Flat roof – inverted roof

Flat roof – inverted roof

Occasionally referred to as an ‘upside down’ or ‘protected membrane’ roof, an inverted roof is a type of warm roof construction.

Unlike a conventional warm roof build-up, the waterproofing is not installed as the outermost layer, so it is protected from stresses such as ponding water, ultraviolet (UV) radiation, expansion and contraction from natural temperature cycles, and extremes of temperature like frost.

An inverted roof also removes the need for mechanical fixings or adhesives to secure the roof build-up. The waterproofing, usually a liquid-applied product like hot melt, is applied to the structural deck. The insulation and a membrane, called a water control layer, are both loose laid before being covered by ballast, typically gravel or paving slabs.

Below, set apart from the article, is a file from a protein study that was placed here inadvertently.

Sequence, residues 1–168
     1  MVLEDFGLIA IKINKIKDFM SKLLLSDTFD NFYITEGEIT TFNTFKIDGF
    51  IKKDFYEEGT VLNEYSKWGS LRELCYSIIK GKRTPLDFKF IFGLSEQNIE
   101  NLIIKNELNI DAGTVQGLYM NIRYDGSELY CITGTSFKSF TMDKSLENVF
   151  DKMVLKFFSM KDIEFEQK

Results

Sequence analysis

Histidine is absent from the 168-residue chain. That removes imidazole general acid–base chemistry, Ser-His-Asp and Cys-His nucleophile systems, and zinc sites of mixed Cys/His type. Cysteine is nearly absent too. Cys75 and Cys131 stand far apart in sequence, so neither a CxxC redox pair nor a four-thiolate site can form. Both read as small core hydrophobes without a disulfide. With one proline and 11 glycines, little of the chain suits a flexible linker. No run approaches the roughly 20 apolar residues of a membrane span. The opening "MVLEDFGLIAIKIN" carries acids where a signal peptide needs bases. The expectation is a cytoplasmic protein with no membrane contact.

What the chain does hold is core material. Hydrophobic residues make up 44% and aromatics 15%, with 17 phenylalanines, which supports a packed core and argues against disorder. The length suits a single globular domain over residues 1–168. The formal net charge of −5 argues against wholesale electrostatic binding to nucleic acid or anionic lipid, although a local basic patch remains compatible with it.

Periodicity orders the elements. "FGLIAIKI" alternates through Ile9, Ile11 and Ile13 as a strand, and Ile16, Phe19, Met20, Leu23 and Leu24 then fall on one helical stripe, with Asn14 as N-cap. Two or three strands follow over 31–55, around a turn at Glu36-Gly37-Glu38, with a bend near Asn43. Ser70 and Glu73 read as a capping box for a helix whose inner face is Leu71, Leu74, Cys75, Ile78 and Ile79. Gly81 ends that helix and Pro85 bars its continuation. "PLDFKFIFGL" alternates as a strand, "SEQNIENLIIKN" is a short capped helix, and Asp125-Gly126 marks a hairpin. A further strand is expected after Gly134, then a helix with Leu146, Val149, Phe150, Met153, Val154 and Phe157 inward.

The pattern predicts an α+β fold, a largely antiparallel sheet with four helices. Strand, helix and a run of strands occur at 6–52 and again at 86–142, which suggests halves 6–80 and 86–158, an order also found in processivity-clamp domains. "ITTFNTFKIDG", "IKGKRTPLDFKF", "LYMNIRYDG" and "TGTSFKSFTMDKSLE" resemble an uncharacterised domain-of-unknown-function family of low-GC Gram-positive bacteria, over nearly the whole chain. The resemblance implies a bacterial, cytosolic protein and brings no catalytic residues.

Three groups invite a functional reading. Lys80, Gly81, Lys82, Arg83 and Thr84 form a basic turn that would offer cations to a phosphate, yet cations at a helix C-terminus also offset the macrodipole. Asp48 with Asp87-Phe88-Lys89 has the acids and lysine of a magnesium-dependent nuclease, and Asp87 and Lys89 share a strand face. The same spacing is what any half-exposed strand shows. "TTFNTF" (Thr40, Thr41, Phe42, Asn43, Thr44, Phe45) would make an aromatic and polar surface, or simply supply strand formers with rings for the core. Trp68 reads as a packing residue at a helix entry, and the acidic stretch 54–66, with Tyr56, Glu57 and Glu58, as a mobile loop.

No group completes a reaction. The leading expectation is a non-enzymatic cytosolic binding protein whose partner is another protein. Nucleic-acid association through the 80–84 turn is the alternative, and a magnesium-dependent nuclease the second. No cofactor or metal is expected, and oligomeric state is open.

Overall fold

The ballast must meet a minimum specification, depending on building height and location, to prevent wind uplift, or flotation of the insulation boards in the event of heavy rain.

While an inverted roof specification helps to protect the waterproofing, it places greater performance demands on the insulation layer. Only a few material types are suitable – including extruded polystyrene (XPS), which is classified as suitable for the widest range of roof applications by European technical guidance:

Polyfoam XPS Ltd is a leading manufacturer of closed cell, extruded polystyrene insulation. The Polyfoam range is lightweight, strong, moisture resistant and easy to cut and shape, providing thermal performance and strength for the lifetime of the building. Recommended Polyfoam XPS products for inverted flat roof applications are: